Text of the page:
The Negative Consequences of Overambitious Curricula in Developing Countries - Working Paper 293
AbstractLearning profiles that track changes in student skills per year of schooling often find shockingly low learning gains. Using data from three recent studies in South Asia and Africa, we show that a majority of students spend years of instruction with no progress on basics. We argue shallow learning profiles are in part the result of curricular paces moving much faster than the pace of learning. To demonstrate the consequences of a gap between the curriculum and student mastery, we construct a simple, formal model, which portrays learning as the result of a match between student skill and instructional levels, rather than the standard (if implicit) assumption that all children learn the same from the same instruction. A simulation shows that two countries with exactly the same potential learning could have massively divergent learning outcomes, just because of a gap between curricular and actual pace—and the country which goes faster has much lower cumulative learning. We also show that our simple simulation model of curricular gaps can replicate existing experimental findings, many of which are otherwise puzzling. Paradoxically, learning could go faster if curricula and teachers were to slow down.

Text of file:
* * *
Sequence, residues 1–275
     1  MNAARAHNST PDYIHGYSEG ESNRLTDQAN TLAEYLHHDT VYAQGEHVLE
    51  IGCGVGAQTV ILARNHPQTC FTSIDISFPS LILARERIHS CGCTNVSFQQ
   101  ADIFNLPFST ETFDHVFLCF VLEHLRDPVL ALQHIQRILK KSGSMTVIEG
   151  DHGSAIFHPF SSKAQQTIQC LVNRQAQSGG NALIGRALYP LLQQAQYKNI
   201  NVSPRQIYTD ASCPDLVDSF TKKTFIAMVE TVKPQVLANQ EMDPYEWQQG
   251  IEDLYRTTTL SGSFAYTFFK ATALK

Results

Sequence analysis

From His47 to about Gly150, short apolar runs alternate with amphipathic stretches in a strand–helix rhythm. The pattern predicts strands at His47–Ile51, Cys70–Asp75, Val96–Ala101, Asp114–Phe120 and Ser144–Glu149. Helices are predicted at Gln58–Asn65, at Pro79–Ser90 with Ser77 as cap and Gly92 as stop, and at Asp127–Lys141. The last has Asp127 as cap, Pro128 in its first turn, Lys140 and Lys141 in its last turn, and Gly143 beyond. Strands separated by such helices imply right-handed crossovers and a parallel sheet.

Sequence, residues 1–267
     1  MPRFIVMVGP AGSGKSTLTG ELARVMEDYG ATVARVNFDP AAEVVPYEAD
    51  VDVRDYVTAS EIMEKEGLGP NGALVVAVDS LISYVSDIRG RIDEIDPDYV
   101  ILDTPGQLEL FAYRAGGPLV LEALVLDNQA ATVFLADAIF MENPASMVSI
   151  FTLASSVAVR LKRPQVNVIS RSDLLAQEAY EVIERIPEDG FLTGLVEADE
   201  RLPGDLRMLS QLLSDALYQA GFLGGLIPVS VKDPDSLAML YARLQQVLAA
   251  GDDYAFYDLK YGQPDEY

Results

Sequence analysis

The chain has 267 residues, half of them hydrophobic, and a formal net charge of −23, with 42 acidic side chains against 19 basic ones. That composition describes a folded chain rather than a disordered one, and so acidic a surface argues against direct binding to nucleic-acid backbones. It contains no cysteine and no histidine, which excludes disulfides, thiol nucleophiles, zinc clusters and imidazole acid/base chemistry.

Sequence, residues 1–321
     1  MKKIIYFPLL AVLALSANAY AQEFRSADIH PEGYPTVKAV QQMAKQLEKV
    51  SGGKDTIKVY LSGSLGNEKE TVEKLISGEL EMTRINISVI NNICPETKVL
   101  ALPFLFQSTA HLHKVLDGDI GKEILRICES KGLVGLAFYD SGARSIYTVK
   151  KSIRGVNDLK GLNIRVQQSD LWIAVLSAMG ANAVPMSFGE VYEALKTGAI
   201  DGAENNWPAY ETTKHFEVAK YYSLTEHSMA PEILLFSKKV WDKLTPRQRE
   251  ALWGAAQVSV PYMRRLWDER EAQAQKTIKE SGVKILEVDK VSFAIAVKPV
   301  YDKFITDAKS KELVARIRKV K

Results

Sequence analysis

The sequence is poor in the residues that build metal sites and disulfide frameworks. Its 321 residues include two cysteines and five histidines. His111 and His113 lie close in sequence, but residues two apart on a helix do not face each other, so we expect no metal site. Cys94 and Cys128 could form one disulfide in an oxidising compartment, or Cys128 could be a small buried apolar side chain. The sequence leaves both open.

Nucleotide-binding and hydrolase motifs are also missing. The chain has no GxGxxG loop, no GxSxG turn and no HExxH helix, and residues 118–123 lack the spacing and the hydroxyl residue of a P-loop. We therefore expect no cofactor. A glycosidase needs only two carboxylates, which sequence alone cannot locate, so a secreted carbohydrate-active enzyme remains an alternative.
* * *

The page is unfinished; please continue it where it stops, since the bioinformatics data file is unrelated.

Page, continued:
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Bibliographic InfoPaper provided by Center for Global Development in its series Working Papers with number 293.
Length: 53 pages
Date of creation: Apr 2012
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Find related papers by JEL classification:
- I21 - Health, Education, and Welfare - - Education - - - Analysis of Education
- I25 - Health, Education, and Welfare - - Education - - - Education and Economic Development
- O15 - Economic Development, Technological Change, and Growth - - Economic Development - - - Economic Development: Human Resources; Human Development; Income Distribution; Migration
This paper has been announced in the following NEP Reports:
- NEP-ALL-2012-07-23 (All new papers)
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